11. The computer-readable medium of claim 10, wherein the message comprises an electronic mail (e-mail) message.
12. The computer-readable medium of claim 11, wherein the file comprises an image file.
13. The computer-readable medium of claim 12, wherein the e-mail message comprises message content expressed using a markup language.
14. The computer-readable medium of claim 13, wherein marking the voice message as having been heard comprises setting a flag indicating that the voice message has been heard and removing one or more notifications directed to the intended recipient that indicate that a new voice message has been received.
15. The computer-readable medium of claim 14, wherein the request for the file is received from an e-mail client application program.
16. A system for marking a voice message as having been heard by an intended recipient, the system comprising:
a telephony service computer configured to receive a voice message, to generate an electronic mail (e-mail) message with the voice message attached thereto and having message content expressed using a markup language that includes an embedded image file, and to transmit the e-mail message to an intended recipient through a mail service; and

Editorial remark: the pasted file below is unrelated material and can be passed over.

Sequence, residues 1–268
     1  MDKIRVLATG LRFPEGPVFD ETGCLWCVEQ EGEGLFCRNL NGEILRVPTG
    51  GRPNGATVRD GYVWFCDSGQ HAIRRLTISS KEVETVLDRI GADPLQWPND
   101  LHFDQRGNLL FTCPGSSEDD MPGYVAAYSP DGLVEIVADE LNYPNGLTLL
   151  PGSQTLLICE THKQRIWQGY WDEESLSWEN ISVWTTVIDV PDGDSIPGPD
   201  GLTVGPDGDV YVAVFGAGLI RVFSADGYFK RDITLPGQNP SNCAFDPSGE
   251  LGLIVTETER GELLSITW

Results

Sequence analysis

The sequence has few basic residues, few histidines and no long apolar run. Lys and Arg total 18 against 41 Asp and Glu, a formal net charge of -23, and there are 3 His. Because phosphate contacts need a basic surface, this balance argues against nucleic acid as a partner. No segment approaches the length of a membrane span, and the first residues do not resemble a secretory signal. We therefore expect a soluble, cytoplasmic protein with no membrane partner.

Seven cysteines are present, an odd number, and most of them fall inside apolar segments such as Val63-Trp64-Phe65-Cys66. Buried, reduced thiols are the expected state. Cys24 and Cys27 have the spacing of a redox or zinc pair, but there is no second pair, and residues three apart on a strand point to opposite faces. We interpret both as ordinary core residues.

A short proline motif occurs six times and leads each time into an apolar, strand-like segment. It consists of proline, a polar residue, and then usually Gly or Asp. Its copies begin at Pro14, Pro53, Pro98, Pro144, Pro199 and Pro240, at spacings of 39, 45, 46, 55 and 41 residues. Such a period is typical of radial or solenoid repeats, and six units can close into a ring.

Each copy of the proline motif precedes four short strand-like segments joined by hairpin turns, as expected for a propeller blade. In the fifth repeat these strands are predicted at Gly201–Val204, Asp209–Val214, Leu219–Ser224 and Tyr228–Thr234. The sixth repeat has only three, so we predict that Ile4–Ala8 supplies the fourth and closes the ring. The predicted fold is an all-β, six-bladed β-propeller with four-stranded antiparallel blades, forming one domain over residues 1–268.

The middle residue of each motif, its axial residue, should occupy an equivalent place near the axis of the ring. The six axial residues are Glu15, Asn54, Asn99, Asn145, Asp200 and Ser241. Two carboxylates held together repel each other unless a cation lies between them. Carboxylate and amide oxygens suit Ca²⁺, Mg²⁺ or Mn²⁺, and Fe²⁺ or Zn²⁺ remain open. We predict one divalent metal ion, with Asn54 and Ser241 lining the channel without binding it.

a World Wide Web (Web) service computer configured to receive a request for the image file embedded in the message from an e-mail client application program and, in response to receiving the request for the image file, to transmit an indication to the telephony service indicating that the voice message has been heard.
17. The system of claim 16, wherein the telephony service computer is further configured to receive the indication and, in response thereto, to set a flag indicating that the voice message has been heard and to remove one or more notifications directed to the intended recipient that indicate that a new voice message has been received.